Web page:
With fascinating new exhibits and state-of-the-art design, BYU’s Monte L. Bean Life Science Museum makes learning significant in an uplifting context. Live animal shows, exotic displays, and inspiring artwork renew and expand the offerings of the recently remodeled building, which covers 32,400 square feet of exhibits, classrooms, and labs.
Consistent with BYU’s focus on spiritual aspects of learning, the Bean Museum is built on scriptural ideals. Museum director Larry St. Clair explained that the museum’s mission and theme follow that standard.
“The Lord declares that He is the creator and we are the stewards. Our theme, ‘Protect Your Planet,’ reminds us that we have a responsibility to take care of all of His creatures.”
The aim of the museum is to enhance the belief that nature is divine, organized by God for the benefit of His children. Its mission statement captures the perspective that the collections at the museum celebrate the role of Jesus Christ as the Creator as they contribute to student learning strengthen faculty teaching, and promote research.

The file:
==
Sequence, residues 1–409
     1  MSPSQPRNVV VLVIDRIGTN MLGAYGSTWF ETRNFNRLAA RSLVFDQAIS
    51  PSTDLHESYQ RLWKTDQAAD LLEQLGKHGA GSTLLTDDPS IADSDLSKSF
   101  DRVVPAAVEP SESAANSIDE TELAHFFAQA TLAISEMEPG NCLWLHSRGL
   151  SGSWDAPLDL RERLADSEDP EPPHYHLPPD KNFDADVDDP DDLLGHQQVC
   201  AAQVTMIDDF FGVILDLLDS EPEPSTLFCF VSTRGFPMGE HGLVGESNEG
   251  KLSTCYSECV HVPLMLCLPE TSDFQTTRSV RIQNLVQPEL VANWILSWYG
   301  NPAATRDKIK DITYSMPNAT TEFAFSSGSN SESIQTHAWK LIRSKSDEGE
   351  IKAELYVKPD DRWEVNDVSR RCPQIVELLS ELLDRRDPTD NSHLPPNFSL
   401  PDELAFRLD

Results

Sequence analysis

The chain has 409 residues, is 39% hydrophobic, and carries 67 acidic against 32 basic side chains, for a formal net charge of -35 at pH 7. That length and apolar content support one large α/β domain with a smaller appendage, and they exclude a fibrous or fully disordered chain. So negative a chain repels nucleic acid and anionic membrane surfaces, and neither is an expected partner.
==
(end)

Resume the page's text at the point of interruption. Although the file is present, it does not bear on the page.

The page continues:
Visitors to the exhibits have expressed their wonder and amazement at how the museum captures nature and transports them to a new world. Shazia Chiu, a senior majoring in public relations at BYU, felt like the museum took her to a different place.
“Stepping into the Bean Museum . . . I suddenly felt like I’d left BYU campus to travel somewhere completely different,” Chiu said. “All of the exotic animals, the nice displays, and interesting exhibits . . . made the museum visit feel very unique.”
Andrew Williamson, a BYU senior majoring in communications, described his impressions of one of the exhibits.
“I was particularly awed by the waterfowl room. With beautiful, dark wood showcases and thick floor rugs, the exhibit felt like a warm hunting lodge. The specimens of birds and the work done on them were absolutely beautiful.”
The expanded facility was funded through donor contributions. The artifacts on display account for only one-third of the total museum resources–with 2.8 million different specimens dating from 1900. The curators plan to switch out exhibits periodically to keep the space fresh and new.
When you visit BYU, take time to experience the new Bean Life Science Museum and observe its efforts to preserve some of God’s most beautiful creatures.